Giant Cells Tumour of the Distal Phalanx of the Finger- A Case Report RD01-RD02
Dr. Sana Ben Slama,
Assistant Professor, Department of Pathology, M. Slim Hospital, 2046 Sidi Daoued, Tunis, Tunisia.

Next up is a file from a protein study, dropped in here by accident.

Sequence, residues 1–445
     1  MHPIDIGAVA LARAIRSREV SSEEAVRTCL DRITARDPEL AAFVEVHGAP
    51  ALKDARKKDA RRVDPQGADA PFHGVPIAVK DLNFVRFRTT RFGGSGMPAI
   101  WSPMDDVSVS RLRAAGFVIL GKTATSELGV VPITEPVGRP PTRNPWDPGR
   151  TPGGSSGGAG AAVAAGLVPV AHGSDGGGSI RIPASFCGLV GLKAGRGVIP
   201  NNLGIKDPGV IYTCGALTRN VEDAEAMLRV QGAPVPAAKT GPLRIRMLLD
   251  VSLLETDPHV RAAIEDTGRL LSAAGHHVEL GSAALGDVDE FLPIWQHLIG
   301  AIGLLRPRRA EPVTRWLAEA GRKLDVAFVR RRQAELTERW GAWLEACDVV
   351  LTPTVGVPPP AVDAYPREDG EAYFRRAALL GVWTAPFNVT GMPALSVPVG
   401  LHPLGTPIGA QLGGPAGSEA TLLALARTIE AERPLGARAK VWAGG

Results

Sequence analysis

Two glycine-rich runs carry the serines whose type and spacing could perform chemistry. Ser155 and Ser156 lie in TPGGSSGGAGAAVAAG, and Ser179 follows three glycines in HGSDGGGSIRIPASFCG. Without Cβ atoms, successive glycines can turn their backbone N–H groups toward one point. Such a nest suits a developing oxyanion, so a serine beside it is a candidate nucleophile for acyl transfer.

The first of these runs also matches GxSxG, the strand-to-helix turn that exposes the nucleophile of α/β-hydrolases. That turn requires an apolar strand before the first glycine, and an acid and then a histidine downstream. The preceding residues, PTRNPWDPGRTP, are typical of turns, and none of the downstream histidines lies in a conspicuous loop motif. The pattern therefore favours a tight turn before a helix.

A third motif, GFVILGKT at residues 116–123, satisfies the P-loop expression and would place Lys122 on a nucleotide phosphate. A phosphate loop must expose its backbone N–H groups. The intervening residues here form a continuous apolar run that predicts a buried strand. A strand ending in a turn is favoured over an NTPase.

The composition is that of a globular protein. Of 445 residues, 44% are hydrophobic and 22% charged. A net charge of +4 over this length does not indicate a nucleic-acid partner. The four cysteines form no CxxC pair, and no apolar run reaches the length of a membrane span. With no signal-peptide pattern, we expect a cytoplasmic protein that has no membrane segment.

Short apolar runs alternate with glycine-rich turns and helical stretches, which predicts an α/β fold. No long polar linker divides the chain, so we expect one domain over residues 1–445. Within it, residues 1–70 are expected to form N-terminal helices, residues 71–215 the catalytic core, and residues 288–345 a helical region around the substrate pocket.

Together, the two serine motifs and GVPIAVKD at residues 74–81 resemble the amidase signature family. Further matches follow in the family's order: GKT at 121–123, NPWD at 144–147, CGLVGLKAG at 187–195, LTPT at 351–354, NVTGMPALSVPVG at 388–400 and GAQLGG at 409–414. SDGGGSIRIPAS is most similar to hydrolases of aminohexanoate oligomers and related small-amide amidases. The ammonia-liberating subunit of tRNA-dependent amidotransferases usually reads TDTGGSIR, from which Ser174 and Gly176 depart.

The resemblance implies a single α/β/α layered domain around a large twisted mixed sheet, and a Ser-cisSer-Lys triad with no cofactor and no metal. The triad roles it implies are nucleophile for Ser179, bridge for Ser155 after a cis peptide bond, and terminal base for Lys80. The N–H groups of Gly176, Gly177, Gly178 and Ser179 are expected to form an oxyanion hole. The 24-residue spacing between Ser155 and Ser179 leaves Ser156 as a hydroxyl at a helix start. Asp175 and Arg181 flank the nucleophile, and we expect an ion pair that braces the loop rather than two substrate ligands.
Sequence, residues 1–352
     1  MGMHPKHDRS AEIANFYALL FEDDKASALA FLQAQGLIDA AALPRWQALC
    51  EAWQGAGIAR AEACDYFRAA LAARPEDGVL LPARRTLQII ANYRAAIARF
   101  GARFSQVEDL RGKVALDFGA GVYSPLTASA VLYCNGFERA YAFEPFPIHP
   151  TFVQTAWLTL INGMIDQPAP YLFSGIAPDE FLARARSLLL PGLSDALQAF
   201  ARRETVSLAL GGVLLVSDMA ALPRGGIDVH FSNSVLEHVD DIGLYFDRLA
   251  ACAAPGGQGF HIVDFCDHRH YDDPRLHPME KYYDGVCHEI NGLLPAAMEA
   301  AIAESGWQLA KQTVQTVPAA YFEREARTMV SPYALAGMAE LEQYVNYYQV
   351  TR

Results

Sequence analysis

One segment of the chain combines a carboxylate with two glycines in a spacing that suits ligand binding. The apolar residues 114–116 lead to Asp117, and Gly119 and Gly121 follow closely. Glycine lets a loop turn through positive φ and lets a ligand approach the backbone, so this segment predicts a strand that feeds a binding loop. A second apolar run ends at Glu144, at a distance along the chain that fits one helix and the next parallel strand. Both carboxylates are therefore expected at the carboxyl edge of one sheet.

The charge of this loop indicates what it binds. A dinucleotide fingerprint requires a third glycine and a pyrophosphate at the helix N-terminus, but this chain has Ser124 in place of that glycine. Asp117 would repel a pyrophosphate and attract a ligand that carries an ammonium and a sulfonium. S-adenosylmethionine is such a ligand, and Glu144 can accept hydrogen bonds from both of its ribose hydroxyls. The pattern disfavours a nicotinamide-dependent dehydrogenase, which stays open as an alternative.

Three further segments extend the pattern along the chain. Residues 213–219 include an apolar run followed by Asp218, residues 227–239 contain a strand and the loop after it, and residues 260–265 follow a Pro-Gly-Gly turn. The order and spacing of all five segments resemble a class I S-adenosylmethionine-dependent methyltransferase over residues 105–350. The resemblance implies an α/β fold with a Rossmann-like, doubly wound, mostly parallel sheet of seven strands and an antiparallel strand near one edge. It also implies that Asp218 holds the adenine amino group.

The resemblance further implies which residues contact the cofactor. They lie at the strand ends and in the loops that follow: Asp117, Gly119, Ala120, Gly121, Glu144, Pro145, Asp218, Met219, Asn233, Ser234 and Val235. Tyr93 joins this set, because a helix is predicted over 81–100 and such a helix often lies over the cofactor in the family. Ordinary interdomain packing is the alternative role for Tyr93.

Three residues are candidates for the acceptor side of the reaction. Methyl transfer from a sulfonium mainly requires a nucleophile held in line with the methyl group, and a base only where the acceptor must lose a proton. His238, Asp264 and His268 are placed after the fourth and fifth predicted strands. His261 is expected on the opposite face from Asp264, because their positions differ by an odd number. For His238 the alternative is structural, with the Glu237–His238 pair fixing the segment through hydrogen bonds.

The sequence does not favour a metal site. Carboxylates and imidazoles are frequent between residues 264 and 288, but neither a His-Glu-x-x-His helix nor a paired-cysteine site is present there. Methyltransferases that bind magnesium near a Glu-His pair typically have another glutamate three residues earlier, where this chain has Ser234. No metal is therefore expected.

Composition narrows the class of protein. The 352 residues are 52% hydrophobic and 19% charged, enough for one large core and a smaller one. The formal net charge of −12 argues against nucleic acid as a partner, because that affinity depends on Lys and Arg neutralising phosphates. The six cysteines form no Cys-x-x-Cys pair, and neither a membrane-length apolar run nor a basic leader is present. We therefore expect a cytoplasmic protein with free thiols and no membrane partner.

Giant Cell Tumour (GCT) of the hand phalangeal bones are rare but with local aggressiveness and high risk of recurrence. Their treatment is exclusively surgical. We report a case of GCT occurring in the third phalanx of the index. A 83-year-old woman, right-handed, presented with a painful tumefaction of the distal phalanx of the right index finger. Examination revealed a swelling of the distal phalanx, of hard consistency, fixed, slightly painful to the palpation. The radiography showed an expensive lytic lesion taking up the entire third phalanx. A surgical biopsy revealed an aspect of a GCT invading bone, soft tissue and dermis. It was Stage 2 of the radio histological classification of enneking. In view of the local progression of the GCT, a proximal trans-phalangeal amputation to the index was performed. Until her last follow up after 24 months, the patient didn’t show any recurrence or metastasis. The location of GCT in the metacarpal bones is rare. The diagnosis is based on the clinical, radiological and histopathological findings. After surgery, the prognosis is related to rate of recurrence.